Page  00000001 Recent compositions and performance instruments realized in Java Music Specification Language Nick Didkovsky Abstract Java Music Specification Language (JMSL, Didkovsky, Burk) is a Java API for algorithmic music composition and performance. This paper presents an overview of three recent pieces realized in JMSL. The works included here demonstrate a wide range of what JMSL offers the composer and performer, including real-time interactive score generation (Zero Waste for sight reading pianist and computer), physical instrument modeling for compositional purposes (Tube Mouth Bow String for string quartet and live electronics), and the creation of intelligent, real-time performance instruments (Virtual Rhythmicon, based on the Henry Cowell's Rhythmicon). 1 Introduction JMSL has been used to create a wide variety of new computer music works. Zero Waste, for sight reading pianist and computer, challenges the performer to sight-read a score in common music notation which is generated in real-time. The Virtual Rhythmicon models an early electronic music instrument designed by Henry Cowell, and runs as an applet in a web browser. Tube Mouth Bow String, for string quartet and live electronics, uses JMSL to model the sonics of the ensemble and algorithmically generate a final notated score. JMSL is available at 2 Zero Waste, for sight reading pianist and computer generated score Zero Waste uses JMSL to generate a score in common music notation which is sight-read by the live performer. There is no computer generation of audio; the audience hears only a live grand piano and sees a large projection of the score that is being read by the performer. A piano capable of sending MIDI is required, such as the Yamaha Diskclavier, so that the computer can receive real-time performance data. As the performer sight reads, JMSL transcribes and notates. This continuous loop of performance and transcription generates a score in real-time. Zero Waste was composed by the author for pianist Kathleen Supov6. 2.1 Description Zero Waste begins by displaying two measures of stochastically generated music. The performer views the score on a laptop computer which is situated before her on the piano. As soon as she begins playing, JMSL begins recording her MIDI performance data. As soon as the performance of measures 1 and 2 is complete, JMSL transcribes the performance and displays it as measures 3 and 4. The performer continues sight reading, now performing measures 3 and 4. At the end of these two measures, JMSL once again displays a transcription of her performance, displayed as measures 5 and 6. This process of sight-reading and transcription continues for the twelveminute duration of the piece. Zero Waste amplifies the resonances of a system which is characterized by the limitations of human performance and common music notation. If the performer were perfect, and if music transcription and notation were both theoretically and practically perfect, then Zero Waste would consist of identical repetitions of the first two measures. Of course, no sight reader is perfect, and notation must strike a balance between readability and absolute accuracy, so each new pair of measures diverges and evolves a bit more from the last. Figure 1 Zero Waste begins with two measures of algorithmically generated music (top). Measures 3 and 4 (middle) are transcriptions of the live performance of measures 1 and 2. The last two measures of the piece are displayed at the bottom of the figure. Proceedings ICMC 2004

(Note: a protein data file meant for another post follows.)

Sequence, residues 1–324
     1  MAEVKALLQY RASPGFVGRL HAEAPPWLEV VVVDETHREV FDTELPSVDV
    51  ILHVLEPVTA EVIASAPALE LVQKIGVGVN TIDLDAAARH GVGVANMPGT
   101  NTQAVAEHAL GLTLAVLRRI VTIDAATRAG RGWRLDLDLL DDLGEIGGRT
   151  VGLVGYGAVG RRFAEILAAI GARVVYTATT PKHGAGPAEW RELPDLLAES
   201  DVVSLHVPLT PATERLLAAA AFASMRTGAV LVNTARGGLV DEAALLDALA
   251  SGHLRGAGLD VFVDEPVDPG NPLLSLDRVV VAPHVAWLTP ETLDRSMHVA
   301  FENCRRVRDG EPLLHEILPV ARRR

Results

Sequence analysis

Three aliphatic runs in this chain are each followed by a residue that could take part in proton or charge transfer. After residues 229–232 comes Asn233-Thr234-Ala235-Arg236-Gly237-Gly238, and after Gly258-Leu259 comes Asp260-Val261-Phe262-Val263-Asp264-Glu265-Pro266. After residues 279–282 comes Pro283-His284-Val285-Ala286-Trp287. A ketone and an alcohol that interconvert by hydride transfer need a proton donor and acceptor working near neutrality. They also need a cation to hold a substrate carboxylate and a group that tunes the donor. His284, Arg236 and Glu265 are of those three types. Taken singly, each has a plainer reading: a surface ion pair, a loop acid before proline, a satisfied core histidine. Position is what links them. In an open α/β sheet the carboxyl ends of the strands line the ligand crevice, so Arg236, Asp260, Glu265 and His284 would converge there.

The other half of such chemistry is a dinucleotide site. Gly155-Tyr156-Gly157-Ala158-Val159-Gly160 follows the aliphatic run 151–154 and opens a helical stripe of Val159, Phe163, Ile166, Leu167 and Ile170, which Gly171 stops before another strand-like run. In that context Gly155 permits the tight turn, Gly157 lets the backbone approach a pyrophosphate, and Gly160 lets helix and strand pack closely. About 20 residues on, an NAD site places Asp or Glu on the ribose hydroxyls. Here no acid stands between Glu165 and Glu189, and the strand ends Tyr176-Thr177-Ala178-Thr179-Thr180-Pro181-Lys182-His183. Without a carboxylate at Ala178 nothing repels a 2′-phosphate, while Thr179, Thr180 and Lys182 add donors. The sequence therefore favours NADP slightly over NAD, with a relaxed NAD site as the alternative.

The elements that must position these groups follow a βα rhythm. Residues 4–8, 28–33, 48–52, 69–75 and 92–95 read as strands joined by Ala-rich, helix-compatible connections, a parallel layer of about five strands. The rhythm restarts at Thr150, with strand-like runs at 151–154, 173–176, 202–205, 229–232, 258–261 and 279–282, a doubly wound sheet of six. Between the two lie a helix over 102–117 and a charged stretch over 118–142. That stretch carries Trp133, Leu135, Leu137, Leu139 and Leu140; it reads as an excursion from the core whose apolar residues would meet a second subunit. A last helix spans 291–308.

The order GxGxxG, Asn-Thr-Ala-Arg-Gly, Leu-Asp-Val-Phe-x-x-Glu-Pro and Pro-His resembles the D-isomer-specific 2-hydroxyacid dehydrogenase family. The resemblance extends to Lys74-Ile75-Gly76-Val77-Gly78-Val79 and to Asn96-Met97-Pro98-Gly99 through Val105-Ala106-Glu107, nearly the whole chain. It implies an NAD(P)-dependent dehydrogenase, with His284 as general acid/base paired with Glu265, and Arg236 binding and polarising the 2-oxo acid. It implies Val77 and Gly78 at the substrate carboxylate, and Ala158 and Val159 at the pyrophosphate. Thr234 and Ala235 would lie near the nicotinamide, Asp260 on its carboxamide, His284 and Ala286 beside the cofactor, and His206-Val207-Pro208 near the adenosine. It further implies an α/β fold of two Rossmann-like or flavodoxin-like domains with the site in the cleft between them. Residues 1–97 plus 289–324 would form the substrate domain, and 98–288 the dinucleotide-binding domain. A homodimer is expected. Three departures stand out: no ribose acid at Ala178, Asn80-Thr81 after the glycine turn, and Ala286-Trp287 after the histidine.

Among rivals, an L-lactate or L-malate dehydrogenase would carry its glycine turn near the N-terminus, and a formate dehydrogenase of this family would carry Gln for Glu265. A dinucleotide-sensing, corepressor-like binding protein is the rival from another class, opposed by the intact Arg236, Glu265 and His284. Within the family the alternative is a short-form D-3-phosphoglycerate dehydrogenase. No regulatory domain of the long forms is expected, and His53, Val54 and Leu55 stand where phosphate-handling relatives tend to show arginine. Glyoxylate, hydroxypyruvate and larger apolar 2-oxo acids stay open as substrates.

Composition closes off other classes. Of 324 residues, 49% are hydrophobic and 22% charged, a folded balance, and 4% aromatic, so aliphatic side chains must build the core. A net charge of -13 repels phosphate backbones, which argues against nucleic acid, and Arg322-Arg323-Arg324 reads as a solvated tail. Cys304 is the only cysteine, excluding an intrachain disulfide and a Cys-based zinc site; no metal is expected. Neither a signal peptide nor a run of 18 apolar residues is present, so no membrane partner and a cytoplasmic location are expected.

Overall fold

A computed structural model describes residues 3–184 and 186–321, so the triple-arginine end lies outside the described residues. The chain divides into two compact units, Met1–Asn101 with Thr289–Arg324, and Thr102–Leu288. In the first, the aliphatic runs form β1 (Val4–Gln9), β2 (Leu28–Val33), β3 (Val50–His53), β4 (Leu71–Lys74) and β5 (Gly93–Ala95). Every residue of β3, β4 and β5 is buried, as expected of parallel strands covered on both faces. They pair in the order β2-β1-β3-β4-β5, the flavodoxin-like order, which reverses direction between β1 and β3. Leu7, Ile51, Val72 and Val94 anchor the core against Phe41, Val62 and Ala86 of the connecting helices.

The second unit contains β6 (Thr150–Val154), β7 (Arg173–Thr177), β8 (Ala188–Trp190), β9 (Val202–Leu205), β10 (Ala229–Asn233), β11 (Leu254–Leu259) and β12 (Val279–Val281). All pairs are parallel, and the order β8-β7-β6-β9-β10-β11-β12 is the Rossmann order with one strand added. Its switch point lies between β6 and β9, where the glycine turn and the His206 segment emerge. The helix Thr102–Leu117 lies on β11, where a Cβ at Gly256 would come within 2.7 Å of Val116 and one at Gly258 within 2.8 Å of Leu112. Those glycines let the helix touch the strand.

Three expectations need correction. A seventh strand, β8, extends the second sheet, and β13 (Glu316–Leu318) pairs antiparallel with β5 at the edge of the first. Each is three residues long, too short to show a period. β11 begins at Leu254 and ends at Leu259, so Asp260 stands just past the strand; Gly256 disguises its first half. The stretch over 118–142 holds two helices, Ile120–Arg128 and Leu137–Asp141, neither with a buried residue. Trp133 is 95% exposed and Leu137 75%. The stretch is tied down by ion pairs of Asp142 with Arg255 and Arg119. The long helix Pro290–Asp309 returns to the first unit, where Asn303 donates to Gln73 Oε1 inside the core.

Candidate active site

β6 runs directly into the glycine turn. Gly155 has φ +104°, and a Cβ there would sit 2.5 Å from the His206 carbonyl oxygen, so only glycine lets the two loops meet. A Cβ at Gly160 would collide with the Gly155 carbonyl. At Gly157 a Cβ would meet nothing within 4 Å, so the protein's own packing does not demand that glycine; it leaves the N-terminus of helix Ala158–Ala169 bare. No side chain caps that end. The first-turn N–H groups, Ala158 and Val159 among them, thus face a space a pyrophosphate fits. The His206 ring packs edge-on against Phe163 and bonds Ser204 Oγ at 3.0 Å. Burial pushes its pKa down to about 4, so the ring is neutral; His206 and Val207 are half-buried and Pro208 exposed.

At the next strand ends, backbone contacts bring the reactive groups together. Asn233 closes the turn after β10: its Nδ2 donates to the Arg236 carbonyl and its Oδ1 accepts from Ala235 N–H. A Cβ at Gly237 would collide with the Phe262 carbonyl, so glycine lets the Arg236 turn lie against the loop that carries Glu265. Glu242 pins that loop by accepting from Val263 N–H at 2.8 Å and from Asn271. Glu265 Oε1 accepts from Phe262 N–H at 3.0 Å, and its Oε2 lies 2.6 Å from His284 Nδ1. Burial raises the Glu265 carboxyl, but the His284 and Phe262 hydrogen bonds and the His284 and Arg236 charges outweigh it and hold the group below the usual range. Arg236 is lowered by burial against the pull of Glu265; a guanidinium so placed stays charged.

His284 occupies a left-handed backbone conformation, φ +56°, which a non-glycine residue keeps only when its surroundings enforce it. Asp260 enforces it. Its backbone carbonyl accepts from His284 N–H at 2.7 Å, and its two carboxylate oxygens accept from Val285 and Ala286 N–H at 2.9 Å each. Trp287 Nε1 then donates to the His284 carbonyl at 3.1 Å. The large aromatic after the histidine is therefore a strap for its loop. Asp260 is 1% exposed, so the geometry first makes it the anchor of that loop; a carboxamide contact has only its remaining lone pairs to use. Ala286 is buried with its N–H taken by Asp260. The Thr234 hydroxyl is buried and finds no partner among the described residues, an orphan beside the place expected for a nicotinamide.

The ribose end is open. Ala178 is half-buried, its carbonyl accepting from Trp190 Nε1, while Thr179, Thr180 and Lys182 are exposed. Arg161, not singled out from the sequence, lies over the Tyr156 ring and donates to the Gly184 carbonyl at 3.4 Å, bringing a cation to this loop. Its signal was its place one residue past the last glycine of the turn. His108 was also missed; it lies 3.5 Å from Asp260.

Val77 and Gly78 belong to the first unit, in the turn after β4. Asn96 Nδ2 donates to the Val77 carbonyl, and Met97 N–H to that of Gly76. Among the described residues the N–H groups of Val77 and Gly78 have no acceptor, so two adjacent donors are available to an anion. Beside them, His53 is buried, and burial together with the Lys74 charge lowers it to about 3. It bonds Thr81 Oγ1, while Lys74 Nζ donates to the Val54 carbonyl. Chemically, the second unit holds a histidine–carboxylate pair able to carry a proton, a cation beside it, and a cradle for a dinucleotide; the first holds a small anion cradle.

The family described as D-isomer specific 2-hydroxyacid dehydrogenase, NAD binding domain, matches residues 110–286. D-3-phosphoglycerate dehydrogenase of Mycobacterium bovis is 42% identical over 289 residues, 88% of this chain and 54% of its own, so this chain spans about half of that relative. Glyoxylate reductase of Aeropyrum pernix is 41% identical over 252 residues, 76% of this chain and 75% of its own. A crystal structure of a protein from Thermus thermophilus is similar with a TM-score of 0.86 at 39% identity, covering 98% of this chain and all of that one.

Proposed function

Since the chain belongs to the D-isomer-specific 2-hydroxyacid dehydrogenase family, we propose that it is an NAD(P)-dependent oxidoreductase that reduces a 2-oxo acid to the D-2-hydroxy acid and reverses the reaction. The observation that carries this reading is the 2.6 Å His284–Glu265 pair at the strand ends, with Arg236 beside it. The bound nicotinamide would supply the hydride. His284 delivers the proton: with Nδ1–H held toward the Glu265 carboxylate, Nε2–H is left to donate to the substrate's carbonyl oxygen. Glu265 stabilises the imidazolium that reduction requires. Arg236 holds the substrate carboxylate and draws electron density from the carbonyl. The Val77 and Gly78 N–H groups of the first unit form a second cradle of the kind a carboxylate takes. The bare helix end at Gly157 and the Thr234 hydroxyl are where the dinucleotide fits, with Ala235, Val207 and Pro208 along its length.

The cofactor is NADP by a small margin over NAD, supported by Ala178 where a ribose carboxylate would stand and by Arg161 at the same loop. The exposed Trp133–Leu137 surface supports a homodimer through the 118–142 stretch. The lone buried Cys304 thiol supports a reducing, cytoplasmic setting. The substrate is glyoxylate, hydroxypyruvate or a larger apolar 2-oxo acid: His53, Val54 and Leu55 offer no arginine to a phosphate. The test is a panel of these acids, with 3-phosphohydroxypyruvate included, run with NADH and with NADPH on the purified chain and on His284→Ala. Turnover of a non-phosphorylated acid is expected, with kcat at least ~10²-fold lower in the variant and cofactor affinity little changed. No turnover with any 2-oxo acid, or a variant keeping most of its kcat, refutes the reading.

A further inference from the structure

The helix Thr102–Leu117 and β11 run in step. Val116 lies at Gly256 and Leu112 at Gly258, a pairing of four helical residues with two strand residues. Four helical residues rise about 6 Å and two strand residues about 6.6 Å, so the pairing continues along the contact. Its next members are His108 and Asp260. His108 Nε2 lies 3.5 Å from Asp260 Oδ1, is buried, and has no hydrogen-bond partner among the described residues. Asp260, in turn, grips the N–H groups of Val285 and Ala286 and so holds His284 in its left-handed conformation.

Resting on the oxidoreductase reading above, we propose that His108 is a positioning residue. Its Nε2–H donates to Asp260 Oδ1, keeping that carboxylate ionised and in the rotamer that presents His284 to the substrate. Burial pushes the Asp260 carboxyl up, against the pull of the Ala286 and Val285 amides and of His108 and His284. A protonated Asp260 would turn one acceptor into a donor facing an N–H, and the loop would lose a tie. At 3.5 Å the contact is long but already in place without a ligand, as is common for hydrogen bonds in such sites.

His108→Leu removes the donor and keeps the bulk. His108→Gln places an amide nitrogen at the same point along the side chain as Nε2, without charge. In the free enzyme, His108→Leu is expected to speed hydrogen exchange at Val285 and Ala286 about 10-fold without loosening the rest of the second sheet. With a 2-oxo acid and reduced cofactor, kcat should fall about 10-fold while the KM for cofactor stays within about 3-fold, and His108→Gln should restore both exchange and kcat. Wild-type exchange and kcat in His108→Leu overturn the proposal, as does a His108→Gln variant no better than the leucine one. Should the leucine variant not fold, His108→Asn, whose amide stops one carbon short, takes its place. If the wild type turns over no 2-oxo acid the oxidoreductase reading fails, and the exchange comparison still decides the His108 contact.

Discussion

Page  00000002 2.2 Some observations Systematic tendencies were consistently observed over multiple performances. The transcribed rhythm deviates almost immediately from the original (see figure 1). As performer Kathleen Supove described it, the expressive qualities of interpretation suddenly took on major notational and compositional consequences. Also evident immediately is that pitches which fall outside reasonable reach are lost. One curious tendency is the gradual appearance of rests at the beginning and end of each two-measure system. This was due to the slight performance hesitation caused by not being able to read ahead to the next two measures, since they can not be displayed until the performance of the current two measures is completed. This minute pause will be notated as a rest. The performer's rush to catch up might finish the material a little early, resulting in a rest appearing at the end. Once notated, the performer is of course obliged to perform these rests; they become an essential part of the piece. Countering this effect is the occasional intent of the performer to slow down for expressive purposes. This might result in the notes at the end of one two-measure frame spilling over into the beginning of the next twomeasure frame. The next transcription will then begin with the notes left over from the previous transcription, and the head of the measure begins to fill in again. Another pair of contrary forces became evident: the formation of chord clusters and their dissolution. Chords form when the timestamps of two notes are attracted to the same quantized time point. Once notated as a chord, the performer is obliged to continue performing the chord, so there seems no escape back to melody. However, the performer's hands are too small to perform all the notes contained in very tall chord clusters. Her performance strategy was to split these chords into multiple events. These sub-events might be transcribed as smaller chords and monophonic notes. In this way, the clumping tendency of the system has a natural counter-effect. 2.3 Summary Some audience members likened Zero Waste to the game of "telephone", where a story is passed through a sequence of people, each of whom hears the story from one neighbor and retells it to the next. Like the telephone game, Zero Waste behaves as an information filter. The focus is on the process of change, and what it reveals about the dynamics of the system. JMSL's notator, transcriber, and MIDI support provided the author with an elegant real-time API with which to realize this work. 3 The Virtual Rhythmicon The Rhythmicon (Cowell) is an early electronic music instrument designed by Henry Cowell and built by Leon Theremin in 1930. It has seventeen keys. Each key corresponds to a partial in the harmonic series, and plays a pitch with a steady, repeated pulse. The first key plays a low fundamental frequency at a slow tempo. The second key plays twice the frequency at twice the tempo, and so on. By holding down keys simultaneously, complex polyrhythms can be realized. In 2003 Minnesota Public Radio commissioned the author to create a software realization of Cowell's Rhythmicon, to be deployed on the web. JMSL was chosen as an appropriate technology because of its flexible scheduler and its web capabilities. JSyn (Java Synthesizer, Burk) was chosen as the audio engine, due its ability to perform real-time CD quality audio in a web browser and its Java API. In May of 2003, The Virtual Rhythmicon was launched on MPR's Music Mavericks website ( 3.1 Design Essential design features in Cowell's original Rhythmicon were maintained: each key corresponds to a partial, multiple keys can be performed simultaneously, the fundamental frequency can be changed, and the overall gIDS Figure 2. The Virtual Rhythmicon control panel. Three keys are shown to be sounding here, corresponding to the fundamental, the seventh, and the 19.5th partials. The Virtual Rhythmicon adds a number of innovations to the original design. The user can play up to four Rhythmicons at a time. This affords the possibility of very complex and beautiful pitch and time relationships between Rhythmicons. The user can change the timbre of any Rhythmicon by choosing from various synthesis patches. The evenness of the rhythm can also be varied, ranging from strict regularity to very irregular. This is implemented with a Myhill Distribution (Ames), which distributes events over time using an entry delay mechanism, and provides control over the evenness of this distribution. The Virtual Rhythmicon offers extensive control over every key. The composer can assign any partial value to a key, including non-integer partials. The overall amplitude and stereo panning of the key can also be specified and changed over time. Attack and release rates of the Proceedings ICMC 2004